Wrist Motion Variation between Novices and Experienced Surgeons Performing Simulated Airway Surgery

OTO Open. 2017 Nov 8;1(4):2473974X17738959. doi: 10.1177/2473974X17738959. eCollection Oct-Dec 2017.


Objective: To determine whether wrist motion measured by a smartphone application can be used as a performance metric for a simulated airway procedure requiring both wrist and finger dexterity. We hypothesized that this accelerometer application could detect differences between novices and experienced surgeons performing simulated cricothyrotomy.

Setting: Academic medical center.

Study design: Prospective pilot cohort study.

Methods: Voluntary surgeons and nonsurgeons were recruited. After viewing a training video, smartphones with accelerometer applications were attached to both wrists while subjects performed a cricothyrotomy on a validated task trainer. Procedure time and motion parameters, including average resultant acceleration (ARA), total resultant acceleration (TRA), and suprathreshold acceleration events (STAEs), were collected for dominant and nondominant hands. Subjects were stratified by prior experience. Blinded experts scored each performance using Objective Structured Assessment of Technical Skills (OSATS), and t tests were used to compare performance.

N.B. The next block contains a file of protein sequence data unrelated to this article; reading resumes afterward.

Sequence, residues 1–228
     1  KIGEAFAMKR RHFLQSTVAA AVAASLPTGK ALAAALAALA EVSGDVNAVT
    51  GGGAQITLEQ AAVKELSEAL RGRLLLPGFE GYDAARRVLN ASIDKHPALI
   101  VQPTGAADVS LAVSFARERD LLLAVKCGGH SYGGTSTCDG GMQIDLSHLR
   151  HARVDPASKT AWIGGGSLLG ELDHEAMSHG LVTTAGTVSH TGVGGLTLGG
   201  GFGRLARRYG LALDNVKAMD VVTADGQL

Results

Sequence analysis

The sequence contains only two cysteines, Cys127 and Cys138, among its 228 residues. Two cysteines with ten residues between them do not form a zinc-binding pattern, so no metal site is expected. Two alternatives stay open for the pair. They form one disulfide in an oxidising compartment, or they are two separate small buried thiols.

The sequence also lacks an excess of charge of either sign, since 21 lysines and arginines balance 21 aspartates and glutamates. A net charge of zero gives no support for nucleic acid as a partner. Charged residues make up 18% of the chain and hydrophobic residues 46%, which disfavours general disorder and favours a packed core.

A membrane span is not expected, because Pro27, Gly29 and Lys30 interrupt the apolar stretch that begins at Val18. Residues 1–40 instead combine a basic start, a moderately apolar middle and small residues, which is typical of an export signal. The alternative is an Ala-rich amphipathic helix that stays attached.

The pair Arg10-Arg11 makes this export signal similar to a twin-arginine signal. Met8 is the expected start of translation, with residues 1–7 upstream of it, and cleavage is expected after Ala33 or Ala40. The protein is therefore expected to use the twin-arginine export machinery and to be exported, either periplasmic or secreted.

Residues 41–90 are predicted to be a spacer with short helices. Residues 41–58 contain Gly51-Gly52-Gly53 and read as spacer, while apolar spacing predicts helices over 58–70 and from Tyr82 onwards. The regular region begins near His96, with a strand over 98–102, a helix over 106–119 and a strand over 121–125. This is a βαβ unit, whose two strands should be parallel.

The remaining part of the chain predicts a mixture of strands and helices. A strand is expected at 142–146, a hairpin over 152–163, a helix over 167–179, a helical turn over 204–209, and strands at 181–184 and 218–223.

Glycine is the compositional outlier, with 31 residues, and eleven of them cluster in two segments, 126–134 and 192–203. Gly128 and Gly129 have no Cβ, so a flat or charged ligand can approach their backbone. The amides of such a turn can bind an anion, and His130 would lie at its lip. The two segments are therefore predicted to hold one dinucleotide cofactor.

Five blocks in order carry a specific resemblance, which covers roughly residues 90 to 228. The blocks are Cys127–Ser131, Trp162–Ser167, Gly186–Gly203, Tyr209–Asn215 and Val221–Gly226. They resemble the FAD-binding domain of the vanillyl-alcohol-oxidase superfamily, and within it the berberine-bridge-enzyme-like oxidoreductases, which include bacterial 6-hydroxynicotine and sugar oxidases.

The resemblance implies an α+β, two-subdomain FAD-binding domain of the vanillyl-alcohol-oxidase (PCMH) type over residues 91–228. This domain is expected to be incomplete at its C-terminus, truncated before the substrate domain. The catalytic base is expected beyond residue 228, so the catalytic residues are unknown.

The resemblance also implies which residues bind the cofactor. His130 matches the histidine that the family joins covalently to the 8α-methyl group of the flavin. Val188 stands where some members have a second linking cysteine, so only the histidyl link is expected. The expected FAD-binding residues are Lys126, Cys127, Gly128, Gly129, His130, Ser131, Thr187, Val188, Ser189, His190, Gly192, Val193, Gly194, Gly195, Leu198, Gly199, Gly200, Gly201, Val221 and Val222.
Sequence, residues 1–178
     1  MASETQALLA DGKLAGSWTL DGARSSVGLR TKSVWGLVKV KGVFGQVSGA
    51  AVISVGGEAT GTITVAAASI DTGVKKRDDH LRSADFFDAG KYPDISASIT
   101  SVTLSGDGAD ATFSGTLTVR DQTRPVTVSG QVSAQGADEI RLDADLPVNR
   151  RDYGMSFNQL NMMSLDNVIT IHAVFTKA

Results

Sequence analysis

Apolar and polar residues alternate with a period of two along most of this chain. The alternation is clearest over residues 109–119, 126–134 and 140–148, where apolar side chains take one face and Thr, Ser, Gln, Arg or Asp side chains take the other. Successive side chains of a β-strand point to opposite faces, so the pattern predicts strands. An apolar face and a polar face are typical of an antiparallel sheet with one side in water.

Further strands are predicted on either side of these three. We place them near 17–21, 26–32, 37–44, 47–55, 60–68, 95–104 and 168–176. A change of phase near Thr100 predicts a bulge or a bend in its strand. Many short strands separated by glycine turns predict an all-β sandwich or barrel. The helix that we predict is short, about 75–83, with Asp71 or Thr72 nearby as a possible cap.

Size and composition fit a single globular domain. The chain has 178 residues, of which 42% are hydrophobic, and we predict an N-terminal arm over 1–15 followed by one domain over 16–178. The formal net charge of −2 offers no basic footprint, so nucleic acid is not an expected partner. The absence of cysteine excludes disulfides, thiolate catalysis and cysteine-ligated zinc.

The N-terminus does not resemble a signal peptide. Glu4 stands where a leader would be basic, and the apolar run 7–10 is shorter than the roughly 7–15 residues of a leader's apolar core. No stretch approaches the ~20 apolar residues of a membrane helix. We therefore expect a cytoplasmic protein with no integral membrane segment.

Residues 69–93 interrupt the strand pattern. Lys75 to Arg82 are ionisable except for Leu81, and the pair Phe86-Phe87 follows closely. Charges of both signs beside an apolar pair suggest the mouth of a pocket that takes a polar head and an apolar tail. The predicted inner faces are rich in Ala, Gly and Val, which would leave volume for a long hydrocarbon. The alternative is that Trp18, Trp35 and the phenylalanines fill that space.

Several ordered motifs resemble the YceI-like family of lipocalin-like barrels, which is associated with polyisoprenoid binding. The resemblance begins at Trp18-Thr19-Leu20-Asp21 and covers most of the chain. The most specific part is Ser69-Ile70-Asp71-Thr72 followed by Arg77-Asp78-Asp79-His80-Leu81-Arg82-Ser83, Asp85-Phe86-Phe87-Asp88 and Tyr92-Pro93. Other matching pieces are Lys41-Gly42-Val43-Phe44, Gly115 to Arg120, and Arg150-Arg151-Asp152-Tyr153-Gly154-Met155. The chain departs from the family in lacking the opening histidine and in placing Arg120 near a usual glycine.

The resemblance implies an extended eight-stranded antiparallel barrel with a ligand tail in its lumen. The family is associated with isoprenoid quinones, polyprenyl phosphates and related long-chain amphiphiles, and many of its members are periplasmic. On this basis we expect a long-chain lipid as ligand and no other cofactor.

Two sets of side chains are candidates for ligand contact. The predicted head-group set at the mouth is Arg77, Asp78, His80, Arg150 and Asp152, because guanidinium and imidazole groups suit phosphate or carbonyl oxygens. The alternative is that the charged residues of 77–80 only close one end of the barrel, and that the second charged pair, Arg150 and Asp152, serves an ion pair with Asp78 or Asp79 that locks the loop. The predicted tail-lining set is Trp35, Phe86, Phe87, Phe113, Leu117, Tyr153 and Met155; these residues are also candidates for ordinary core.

Results: Thirty subjects were enrolled. Median age was 26 years, and 20 subjects were male. In the dominant hand, significant differences were seen between novice and experienced surgeons in TRA (P = .005) and procedure time (P = .006), while no significant differences were seen in STAEs (P = .42) and ARA (P = .33). In the nondominant hand, all variables were significantly different between the 2 groups: STAEs (P = .012), ARA (P = .007), TRA (P = .004), and procedure time (P = .006).

Conclusions: Wrist motion measured by a low-cost smartphone application can distinguish between novice and experienced surgeons performing simulated airway surgery. This tool provides cost-effective and objective performance feedback.

Keywords: airway; cricothyroidotomy; simulation; smartphone; surgical training; wrist motion.